4.3. Importation of 1-D spectral image

From the graphical interface of VisualSpec, to load 1-D spectral image, use the Open Image command in the File menu. The spectral profile itself is extracted by clicking on the Binning Objet button:

4.4. Spectral calibration

The spectral calibration consists of assigning the wavelength to each point of the spectral profile. The calibration can be carried out using 1, 2 or 3 lines, according to the number of recognizable lines in the profile or according to whether the dispersion law is already known. The following figure shows the rough spectrum of the Vega star carried out with the spectr' aude at a dispersion of 0.38Å/pixel.

In the spectral field covered around the line Ha some well marked spectral lines can be noticed. The line of helium at 6678.2 angströms is very weak in the spectrum of Vega, but sometimes quite remarquable in the spectrum of the Be stars. It is however much more preferable to use telluric lines (lines of terrestrial origin). Indeed these last lines (it is in fact bands of tight lines) are not affected by the displacement due to the Doppler effect of the earthmoving around the Sun or around its axis of rotation. One then uses either the line at 6871.5 angströms of atomic oxygen, or a whole of lines of H2O located in the vicinity of the red line of hydrogen. The correction of the radial velocity of the Earth is described in the following paragraph.

VisualSpec makes it possible to calculate a nonlinear law of dispersion (until power 5). However, although dispersion is not rigorously linear in the spectr'aude, in a routine way one considers a linear law in the vicinity of the red line of hydrogen and one uses for the spectral shift  computation the spectral lines of the atmospheric H2O which are numerous in this area of the spectrum and often quite visible in an observatory of plain. The spectral calibration is done by visual examination of the correlation of a synthetic H2O spectrum and H2O lines actually observed (see paragraph 4.8). Average dispersion in this zone of the spectrum is of 0.3802 A/pixel. The spectral calibration if of 0.1 angstroms for bright stars (M<6).

The spectral profile of HD169033 spectrally calibrated is reproduced hereafter with the identification of some lines (one can note the similarity with the Vega star profile):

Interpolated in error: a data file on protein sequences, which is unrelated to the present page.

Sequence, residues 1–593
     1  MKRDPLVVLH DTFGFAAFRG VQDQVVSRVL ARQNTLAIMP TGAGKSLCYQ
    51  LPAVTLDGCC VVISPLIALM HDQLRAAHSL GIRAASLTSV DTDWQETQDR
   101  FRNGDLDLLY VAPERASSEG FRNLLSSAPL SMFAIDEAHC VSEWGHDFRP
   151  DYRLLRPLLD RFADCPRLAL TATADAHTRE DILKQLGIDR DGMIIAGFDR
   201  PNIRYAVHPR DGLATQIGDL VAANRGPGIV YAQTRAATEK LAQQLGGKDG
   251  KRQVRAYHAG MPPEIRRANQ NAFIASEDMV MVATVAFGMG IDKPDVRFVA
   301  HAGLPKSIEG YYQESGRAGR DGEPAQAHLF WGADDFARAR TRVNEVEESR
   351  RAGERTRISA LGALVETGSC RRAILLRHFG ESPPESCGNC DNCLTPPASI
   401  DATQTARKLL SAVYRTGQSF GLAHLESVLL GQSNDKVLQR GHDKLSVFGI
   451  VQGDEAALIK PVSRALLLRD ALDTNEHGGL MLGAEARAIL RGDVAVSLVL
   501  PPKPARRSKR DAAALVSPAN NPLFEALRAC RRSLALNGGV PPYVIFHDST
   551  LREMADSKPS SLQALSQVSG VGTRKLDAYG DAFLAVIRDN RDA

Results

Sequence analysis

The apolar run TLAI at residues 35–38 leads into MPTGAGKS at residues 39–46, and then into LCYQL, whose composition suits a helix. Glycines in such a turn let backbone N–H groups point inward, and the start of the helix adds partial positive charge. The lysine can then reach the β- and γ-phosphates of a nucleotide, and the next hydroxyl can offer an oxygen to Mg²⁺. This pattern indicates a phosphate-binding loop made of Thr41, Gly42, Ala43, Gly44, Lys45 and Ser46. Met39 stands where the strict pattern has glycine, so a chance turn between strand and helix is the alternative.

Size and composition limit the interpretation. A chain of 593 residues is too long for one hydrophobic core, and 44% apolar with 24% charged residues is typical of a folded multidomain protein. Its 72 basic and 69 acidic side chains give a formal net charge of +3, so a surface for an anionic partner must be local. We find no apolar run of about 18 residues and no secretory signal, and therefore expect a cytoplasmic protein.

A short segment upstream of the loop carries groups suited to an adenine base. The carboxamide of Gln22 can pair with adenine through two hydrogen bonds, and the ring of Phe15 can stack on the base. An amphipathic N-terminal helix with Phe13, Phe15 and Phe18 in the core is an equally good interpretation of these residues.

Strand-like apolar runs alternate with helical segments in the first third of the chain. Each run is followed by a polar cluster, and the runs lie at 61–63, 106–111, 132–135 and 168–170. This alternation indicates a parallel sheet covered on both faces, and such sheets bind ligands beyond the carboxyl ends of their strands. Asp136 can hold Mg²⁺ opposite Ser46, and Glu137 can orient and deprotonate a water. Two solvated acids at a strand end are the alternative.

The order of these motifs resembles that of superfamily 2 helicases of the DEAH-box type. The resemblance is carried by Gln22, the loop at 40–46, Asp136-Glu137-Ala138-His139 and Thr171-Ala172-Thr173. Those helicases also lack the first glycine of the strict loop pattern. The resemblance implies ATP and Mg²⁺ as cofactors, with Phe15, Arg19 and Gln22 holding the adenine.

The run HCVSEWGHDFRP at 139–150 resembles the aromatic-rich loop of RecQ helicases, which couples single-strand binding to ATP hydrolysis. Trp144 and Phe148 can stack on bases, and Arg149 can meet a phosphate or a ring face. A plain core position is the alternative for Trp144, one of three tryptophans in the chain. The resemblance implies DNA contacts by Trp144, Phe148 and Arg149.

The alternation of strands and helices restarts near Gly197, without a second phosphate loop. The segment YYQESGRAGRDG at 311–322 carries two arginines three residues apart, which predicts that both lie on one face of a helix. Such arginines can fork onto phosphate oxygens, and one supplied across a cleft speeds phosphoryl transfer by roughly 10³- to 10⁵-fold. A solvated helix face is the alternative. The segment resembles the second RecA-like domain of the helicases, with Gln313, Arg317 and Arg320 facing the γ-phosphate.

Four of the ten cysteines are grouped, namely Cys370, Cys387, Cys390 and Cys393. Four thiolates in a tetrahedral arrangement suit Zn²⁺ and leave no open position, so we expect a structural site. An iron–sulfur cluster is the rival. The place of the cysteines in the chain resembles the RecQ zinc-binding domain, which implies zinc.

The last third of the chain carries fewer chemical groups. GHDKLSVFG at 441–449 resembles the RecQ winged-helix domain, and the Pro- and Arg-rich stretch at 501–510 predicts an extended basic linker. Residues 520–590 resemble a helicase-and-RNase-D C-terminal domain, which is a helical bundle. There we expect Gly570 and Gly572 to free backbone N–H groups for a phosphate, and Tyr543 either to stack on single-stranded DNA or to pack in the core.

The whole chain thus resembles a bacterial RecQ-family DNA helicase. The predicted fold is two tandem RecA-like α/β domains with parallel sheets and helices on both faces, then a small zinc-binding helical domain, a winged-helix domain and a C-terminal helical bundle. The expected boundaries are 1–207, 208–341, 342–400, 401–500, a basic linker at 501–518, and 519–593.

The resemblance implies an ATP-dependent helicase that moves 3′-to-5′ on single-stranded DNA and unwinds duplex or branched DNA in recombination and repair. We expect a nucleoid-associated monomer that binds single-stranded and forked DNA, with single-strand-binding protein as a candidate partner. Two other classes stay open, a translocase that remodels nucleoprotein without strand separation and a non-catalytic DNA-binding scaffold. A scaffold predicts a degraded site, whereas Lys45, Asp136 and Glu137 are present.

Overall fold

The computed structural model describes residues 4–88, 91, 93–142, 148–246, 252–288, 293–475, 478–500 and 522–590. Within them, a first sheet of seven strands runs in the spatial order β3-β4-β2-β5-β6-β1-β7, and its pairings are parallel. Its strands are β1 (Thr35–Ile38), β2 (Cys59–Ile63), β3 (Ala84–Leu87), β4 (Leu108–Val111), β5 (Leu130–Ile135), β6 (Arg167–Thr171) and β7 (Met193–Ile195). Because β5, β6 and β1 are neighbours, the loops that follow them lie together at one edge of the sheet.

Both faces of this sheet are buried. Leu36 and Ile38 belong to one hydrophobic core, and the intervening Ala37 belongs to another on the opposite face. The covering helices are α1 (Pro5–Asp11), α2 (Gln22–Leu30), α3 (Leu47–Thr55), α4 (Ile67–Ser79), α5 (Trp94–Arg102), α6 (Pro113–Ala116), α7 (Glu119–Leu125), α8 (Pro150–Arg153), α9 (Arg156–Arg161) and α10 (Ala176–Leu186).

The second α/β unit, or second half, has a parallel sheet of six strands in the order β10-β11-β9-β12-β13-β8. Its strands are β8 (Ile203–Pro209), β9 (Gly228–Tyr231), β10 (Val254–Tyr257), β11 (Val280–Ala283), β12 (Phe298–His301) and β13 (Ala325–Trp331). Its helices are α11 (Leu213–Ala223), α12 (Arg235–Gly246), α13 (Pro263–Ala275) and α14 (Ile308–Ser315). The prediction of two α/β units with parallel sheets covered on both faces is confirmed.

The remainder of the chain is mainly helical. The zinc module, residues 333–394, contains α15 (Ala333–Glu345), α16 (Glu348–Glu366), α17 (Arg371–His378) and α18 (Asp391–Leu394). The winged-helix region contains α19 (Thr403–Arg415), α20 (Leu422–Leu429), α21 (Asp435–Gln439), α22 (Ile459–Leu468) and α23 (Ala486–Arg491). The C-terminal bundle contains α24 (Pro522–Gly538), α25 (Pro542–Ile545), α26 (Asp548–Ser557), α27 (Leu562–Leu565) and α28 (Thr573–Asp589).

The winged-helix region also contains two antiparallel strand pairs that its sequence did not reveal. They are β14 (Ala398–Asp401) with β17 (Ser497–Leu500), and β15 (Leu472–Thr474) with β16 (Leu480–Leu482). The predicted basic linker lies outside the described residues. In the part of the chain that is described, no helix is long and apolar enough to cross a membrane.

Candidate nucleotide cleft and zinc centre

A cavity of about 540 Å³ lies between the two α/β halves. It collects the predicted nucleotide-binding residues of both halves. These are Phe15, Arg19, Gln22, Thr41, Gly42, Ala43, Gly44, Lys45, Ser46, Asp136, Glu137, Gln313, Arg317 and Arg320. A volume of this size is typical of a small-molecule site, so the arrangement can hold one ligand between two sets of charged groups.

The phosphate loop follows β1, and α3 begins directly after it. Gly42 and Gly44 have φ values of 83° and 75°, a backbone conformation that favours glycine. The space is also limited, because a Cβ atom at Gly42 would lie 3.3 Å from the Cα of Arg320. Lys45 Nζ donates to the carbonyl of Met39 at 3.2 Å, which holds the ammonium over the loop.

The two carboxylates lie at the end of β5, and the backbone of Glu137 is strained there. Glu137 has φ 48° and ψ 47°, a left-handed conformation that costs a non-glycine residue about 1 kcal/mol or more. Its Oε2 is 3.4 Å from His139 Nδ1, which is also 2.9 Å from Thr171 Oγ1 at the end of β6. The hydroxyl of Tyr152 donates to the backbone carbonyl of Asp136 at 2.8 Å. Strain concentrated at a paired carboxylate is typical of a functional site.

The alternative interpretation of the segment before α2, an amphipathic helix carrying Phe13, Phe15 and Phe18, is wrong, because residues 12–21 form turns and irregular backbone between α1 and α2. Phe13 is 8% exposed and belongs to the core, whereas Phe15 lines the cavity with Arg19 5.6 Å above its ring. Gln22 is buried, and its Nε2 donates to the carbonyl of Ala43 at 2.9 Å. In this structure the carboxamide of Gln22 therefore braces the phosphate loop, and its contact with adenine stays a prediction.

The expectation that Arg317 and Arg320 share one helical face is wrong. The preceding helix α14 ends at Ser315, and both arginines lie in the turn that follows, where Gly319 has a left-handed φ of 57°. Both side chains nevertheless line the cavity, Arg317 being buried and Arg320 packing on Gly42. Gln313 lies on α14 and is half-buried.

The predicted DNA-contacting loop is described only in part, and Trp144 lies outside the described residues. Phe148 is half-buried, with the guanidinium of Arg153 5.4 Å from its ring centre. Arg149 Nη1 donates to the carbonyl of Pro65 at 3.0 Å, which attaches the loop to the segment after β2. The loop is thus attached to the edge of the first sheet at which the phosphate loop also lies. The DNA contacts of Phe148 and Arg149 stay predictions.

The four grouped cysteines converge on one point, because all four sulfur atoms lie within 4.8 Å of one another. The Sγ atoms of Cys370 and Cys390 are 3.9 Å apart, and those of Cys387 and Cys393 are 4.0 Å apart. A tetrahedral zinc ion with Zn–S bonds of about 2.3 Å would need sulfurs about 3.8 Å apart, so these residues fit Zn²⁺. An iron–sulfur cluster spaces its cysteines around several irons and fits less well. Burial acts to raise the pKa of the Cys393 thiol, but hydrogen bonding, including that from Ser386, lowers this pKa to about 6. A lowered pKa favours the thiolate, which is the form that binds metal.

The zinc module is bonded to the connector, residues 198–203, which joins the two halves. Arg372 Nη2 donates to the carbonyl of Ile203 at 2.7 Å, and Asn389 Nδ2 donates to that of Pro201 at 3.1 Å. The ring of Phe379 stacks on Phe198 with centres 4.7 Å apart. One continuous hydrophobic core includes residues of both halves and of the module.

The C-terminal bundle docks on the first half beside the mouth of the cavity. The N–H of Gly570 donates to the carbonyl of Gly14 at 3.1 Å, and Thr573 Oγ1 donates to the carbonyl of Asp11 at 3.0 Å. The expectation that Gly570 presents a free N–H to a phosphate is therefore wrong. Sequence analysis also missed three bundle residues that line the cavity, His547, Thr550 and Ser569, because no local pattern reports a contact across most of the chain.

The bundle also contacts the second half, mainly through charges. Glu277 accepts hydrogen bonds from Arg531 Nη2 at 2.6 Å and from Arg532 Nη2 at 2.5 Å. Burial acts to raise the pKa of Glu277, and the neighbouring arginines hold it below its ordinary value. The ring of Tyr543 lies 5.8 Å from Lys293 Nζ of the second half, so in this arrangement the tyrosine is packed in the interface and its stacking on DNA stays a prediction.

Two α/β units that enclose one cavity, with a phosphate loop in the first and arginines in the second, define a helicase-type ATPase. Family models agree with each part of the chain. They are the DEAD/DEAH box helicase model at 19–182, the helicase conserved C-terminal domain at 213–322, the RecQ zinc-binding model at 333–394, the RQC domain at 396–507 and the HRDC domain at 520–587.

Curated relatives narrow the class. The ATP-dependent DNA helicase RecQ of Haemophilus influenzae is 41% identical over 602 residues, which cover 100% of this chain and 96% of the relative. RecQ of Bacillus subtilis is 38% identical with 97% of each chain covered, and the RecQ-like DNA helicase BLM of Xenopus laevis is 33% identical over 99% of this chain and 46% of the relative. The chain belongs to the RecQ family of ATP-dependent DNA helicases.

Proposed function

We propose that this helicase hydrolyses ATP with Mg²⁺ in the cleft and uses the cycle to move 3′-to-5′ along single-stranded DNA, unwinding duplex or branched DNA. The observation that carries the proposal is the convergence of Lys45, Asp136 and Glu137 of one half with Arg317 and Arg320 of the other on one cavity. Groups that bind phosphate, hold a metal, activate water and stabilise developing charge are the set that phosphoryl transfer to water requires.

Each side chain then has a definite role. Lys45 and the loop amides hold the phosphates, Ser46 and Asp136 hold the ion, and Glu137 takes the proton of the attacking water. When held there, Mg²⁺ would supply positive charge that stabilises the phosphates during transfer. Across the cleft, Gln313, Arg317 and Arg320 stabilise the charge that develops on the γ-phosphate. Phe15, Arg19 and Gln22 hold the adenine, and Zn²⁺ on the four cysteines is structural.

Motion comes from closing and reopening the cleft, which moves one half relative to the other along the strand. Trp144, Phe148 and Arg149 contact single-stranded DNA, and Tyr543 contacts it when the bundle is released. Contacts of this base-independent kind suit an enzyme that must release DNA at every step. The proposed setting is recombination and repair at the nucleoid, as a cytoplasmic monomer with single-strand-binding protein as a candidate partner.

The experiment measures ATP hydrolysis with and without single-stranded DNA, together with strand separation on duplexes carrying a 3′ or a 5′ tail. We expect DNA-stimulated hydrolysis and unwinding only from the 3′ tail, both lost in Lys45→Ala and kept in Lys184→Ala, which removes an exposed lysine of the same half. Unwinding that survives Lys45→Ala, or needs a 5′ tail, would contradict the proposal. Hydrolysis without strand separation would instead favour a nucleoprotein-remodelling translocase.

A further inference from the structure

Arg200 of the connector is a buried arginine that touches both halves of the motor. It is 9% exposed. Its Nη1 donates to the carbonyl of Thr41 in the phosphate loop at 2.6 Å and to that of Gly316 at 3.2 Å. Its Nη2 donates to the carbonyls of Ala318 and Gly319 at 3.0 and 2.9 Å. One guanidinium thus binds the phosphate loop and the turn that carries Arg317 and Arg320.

Click here for other informations about spectral calibration.

4.5. Radial velocity correction

For precise spectral calibration it is important to understand that the measured radial velocity of a star represents the relative motion of the star with respect to the observer at the time of the observation. Because the observer moves due to the Earth's rotation and revolution around the Sun, these motions have to be eliminated from the stellar radial velocity. This reduction step is called the heliocentric correction. For this, the command RVC of IRIS return the radial velocity of the observer relative to the observed object and the wavelength correction needed to correct the observed spectra (Doppler effect for the wavelength 6562.8 angstroms). The max correction for the Earth motion is roughly 30 km/s.

RVC command return also the Heliocentric Julian Day. It is the Julian Day adjusted at the center of the Sun and depends on the standard Julian day of the observation and the celestial coordinates of the object observed. RVC takes into account the light travel time for an event coming from a particular location on the sky to be observed at the center of the Sun. So the Heliocentric Julian Day remove the periodic paralactic time shift due to where the Earth was in its orbit when an event was observed. The correction can amount to as much as as little over 16 minutes for observations taken 6 months apart.

For example consider this two observations the Be-star 42 And (RA= 01H09.5m - Dec= +47°14') :

Observation 1 : Date 31.083 / 07 / 2001
Observation 2 : Date 10.809 / 12 / 2001

The observatory location is : Longitude = -1.50858° (Est of Green.) - Latitude = 43.51728°

The next figure show the two observed spectra in the vicinity of H
a line (R=7000 spectrograph on the CN-212 telescope).

The observed shift is not intrinsic to the stars. The responsible is the Earth movement in space.

Now we compute heliocentric correction. From the IRIS console enter:

RVC  31.083  07  2001  1h09.5m  47d14'
RVC  10.809  12  2001  1h09.5m  47d14'

IRIS return the following informations:


For the observation 1 the wavelength correction (for Ha line) is of 0.52 angstroms (spectral lines shifted towards the blue). For the observation 2 the correction is of -0.36 angstroms (spectral lines shifted towards the red).

The true wavelength l is derived from the observed wavelength l' from the relation (RV = radial velocity in km/sec):

We apply the correction under VisualSpec software (Translate command from the Operations menu). The figure below show the rectified spectra:

The correction is perfect if we consider the spectral resolution power of 7000 and the original sampling of 0.38 angstroms per pixel. We can now appreciate subtile evolution of the star between this two observations date.

Another example for the star 28 Tau (RA= 3h49.2m - Dec= +24°08') :

Observation 1 : Date 20.087 / 09 / 2001
Observation 2 : Date 10.854 / 12 / 2001

Computed radial velocity :

Observation 1 : RV = 26.32 km/sec (0.58 A @ 6562.8 A)
Observation 2 : RV = -9.59 km/sec (-0.21 A @ 6562.8 A)

Following figure correspond to the observed data (rest wavelength):

Following figure correspond to the corrected data for the Earth velocity (note small change of the emission line amplitude):

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